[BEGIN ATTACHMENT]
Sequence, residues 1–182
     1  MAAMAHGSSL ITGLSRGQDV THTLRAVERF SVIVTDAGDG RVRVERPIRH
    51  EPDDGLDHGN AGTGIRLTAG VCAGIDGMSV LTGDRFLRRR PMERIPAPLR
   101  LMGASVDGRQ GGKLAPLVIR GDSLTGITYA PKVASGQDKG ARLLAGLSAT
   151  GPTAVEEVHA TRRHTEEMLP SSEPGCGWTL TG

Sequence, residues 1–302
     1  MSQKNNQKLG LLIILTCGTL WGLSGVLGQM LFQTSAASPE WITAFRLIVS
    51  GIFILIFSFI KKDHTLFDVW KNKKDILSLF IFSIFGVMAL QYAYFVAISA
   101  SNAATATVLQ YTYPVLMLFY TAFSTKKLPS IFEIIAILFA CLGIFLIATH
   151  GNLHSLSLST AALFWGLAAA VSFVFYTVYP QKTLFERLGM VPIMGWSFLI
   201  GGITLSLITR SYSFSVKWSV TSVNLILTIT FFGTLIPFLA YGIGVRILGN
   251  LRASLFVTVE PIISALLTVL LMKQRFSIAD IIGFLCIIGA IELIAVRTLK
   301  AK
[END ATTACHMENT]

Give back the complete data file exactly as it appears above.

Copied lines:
Sequence, residues 1–182
     1  MAAMAHGSSL ITGLSRGQDV THTLRAVERF SVIVTDAGDG RVRVERPIRH
    51  EPDDGLDHGN AGTGIRLTAG VCAGIDGMSV LTGDRFLRRR PMERIPAPLR
   101  LMGASVDGRQ GGKLAPLVIR GDSLTGITYA PKVASGQDKG ARLLAGLSAT
   151  GPTAVEEVHA TRRHTEEMLP SSEPGCGWTL TG

Sequence, residues 1–302
     1  MSQKNNQKLG LLIILTCGTL WGLSGVLGQM LFQTSAASPE WITAFRLIVS
    51  GIFILIFSFI KKDHTLFDVW KNKKDILSLF IFSIFGVMAL QYAYFVAISA
   101  SNAATATVLQ YTYPVLMLFY TAFSTKKLPS IFEIIAILFA CLGIFLIATH
   151  GNLHSLSLST AALFWGLAAA VSFVFYTVYP QKTLFERLGM VPIMGWSFLI
   201  GGITLSLITR SYSFSVKWSV TSVNLILTIT FFGTLIPFLA YGIGVRILGN
   251  LRASLFVTVE PIISALLTVL LMKQRFSIAD IIGFLCIIGA IELIAVRTLK
   301  AK